Loop Loop was born out of a very particular feeling about the way things should be made. While creativity is part of being human, Sophie Bresnahan was sure that we could make stuff in a way that doesn't deplete the Earth's resources, but rather makes use of materials we already have. That's how Loop Loop recycled wildflower cards came about, the first of Sophie's projects, made from her home in Brighton.
Here Sophie tells me more about her journey to starting Loop Loop and shares her thoughts on completing the loop - the real possibility of using materials in a cyclical way:
Tell me about Loop Loop.
Loop Loop was an idea I had early last year. I wanted to start something which had no bad feeling towards it. I love creating and making, but if I felt I was using some of the Earth's finite resources, I'd have a slight aversion to it. I've made clothes and bits and bobs using new fabric before, and people have asked me to make stuff in the past. At the time I said no. I felt I wanted to work in a particular way.
The cards came about when a friend who works in a flower shop said she wanted to stock some cards I had made for my brother. I found plantable wildflower paper, which was made from recycled materials and could then be planted once it has been enjoyed. It represented in my mind this idea of a circular loop, where at the end of its life the paper could be planted. I made my own vegetable paints out of sauerkraut and other concoctions.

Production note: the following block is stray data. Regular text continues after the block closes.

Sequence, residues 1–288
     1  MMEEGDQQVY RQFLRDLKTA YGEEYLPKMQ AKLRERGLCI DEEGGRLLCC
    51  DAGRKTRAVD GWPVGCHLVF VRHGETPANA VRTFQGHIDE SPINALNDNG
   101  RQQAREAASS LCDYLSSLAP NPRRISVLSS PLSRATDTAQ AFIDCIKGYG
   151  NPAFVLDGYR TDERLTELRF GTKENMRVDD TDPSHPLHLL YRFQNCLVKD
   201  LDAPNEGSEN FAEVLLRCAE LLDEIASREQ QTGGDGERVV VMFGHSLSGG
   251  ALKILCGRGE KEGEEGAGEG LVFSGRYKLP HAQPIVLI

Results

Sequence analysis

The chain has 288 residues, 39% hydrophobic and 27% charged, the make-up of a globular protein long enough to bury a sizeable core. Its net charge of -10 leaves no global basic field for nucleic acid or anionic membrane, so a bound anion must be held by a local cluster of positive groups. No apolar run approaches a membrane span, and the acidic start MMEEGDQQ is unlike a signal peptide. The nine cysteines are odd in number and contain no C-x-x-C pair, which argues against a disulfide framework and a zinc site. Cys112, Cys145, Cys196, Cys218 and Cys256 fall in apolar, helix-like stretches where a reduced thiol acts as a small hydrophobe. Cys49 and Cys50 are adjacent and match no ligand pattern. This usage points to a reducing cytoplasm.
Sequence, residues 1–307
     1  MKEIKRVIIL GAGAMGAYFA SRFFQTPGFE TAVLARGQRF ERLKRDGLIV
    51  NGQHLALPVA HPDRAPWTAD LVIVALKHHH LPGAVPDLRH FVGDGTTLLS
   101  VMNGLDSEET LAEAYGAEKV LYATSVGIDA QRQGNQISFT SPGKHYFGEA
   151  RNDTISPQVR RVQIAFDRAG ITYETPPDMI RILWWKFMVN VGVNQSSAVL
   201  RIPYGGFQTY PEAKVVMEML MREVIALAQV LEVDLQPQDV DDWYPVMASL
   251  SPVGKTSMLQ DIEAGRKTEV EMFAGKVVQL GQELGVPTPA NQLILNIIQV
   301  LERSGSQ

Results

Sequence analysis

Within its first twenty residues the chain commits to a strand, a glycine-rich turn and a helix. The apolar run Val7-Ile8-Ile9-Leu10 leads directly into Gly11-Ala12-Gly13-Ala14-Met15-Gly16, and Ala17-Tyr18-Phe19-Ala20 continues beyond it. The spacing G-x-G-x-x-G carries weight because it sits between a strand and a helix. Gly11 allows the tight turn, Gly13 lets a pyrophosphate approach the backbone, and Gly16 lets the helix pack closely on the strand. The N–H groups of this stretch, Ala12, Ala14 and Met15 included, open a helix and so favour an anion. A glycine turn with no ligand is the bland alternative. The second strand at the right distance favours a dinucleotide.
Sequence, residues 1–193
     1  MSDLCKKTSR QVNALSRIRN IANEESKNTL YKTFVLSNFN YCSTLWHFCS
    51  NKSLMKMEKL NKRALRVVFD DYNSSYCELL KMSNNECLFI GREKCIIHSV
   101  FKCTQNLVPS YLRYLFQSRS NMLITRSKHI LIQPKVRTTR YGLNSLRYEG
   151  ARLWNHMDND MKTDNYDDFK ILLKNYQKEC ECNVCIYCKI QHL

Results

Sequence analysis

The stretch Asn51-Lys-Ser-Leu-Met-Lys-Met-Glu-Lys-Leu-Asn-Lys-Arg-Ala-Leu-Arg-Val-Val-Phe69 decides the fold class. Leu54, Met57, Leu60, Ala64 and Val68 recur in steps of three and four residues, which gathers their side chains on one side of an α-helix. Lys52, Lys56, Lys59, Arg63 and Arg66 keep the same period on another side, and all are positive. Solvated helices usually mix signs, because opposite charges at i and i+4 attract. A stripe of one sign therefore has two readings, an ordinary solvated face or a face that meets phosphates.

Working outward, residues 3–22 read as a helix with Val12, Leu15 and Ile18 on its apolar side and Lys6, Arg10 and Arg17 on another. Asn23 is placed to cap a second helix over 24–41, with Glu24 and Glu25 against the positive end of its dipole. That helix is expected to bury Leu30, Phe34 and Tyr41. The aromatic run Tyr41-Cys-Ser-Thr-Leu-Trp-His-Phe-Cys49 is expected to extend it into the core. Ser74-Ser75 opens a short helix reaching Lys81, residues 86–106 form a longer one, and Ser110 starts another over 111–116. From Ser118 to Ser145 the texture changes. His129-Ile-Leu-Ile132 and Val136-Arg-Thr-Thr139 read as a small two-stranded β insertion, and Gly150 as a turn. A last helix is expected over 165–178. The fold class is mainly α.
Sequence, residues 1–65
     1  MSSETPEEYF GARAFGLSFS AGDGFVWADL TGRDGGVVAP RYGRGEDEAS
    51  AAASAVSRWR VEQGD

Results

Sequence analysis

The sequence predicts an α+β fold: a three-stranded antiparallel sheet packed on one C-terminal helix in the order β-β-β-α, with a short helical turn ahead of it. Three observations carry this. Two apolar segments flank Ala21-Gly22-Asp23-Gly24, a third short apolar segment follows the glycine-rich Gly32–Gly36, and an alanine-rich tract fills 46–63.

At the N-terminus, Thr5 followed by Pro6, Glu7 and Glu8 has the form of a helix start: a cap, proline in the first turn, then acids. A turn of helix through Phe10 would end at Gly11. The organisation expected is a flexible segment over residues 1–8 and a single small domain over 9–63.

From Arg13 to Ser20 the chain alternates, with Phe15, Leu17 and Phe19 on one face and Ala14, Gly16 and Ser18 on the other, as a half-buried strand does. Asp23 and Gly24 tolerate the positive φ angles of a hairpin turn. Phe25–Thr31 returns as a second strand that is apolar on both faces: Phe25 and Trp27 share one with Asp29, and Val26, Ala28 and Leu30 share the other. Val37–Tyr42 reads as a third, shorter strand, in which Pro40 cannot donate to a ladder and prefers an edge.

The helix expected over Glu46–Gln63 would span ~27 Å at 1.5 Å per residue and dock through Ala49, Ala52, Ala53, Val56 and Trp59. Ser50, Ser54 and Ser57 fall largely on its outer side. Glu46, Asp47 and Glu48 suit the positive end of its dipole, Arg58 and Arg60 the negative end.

I couldn’t scale the idea whilst hand painting each card individually. The whole point of Loop Loop was to be creative but I also wanted to help the environment as well and didn’t want to cut corners but usually industrial printers which would be chemical based inks. So I just thought I would keep it small and paint them for friends and family.
I ended up having a random conversation with a woman in a former event I was working on – organising an organic festival. She used edible inks in her office because they don't leach chemicals like normal inks do. It was an - oh my God - moment. I bought a printer and from then on I could make the cards on a larger scale.
What's the philosophy behind the name Loop Loop?